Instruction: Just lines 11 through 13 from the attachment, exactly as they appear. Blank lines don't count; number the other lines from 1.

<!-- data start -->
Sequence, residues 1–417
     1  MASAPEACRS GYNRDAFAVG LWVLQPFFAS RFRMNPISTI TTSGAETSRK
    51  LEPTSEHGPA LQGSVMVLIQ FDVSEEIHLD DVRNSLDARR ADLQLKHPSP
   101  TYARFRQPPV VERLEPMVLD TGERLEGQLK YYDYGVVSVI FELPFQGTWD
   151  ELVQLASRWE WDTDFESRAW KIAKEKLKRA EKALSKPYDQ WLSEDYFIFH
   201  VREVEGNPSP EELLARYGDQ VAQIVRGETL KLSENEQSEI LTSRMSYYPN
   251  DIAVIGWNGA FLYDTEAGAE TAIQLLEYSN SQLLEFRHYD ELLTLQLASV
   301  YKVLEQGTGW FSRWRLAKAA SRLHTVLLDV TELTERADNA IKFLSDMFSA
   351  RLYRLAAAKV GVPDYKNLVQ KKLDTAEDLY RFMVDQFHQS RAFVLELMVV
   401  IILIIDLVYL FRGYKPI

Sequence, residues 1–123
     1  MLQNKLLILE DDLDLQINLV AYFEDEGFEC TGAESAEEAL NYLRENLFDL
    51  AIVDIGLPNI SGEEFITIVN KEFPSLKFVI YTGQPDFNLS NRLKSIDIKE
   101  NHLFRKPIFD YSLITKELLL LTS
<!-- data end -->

Sequence, residues 1–123
     1  MLQNKLLILE DDLDLQINLV AYFEDEGFEC TGAESAEEAL NYLRENLFDL
    51  AIVDIGLPNI SGEEFITIVN KEFPSLKFVI YTGQPDFNLS NRLKSIDIKE